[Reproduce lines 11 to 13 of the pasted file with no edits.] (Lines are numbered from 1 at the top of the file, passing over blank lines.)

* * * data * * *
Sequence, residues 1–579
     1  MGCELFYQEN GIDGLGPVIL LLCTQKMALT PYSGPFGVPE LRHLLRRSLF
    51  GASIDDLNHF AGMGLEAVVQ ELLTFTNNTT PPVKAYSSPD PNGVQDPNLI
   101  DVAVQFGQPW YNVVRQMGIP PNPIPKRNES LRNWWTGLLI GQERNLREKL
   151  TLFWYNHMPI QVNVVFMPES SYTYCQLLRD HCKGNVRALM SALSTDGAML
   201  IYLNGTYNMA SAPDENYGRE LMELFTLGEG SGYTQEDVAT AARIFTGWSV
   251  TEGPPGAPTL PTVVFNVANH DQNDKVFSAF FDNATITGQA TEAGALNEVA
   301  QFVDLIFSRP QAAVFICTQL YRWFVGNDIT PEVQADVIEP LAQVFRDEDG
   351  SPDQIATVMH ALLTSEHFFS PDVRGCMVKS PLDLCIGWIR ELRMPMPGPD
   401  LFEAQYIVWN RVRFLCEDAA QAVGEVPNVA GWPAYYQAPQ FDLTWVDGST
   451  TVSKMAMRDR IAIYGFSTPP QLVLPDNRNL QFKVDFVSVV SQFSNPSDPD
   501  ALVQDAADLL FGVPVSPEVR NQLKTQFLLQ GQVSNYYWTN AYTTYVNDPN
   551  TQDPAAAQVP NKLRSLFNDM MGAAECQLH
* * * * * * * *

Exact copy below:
   451  TVSKMAMRDR IAIYGFSTPP QLVLPDNRNL QFKVDFVSVV SQFSNPSDPD
   501  ALVQDAADLL FGVPVSPEVR NQLKTQFLLQ GQVSNYYWTN AYTTYVNDPN
   551  TQDPAAAQVP NKLRSLFNDM MGAAECQLH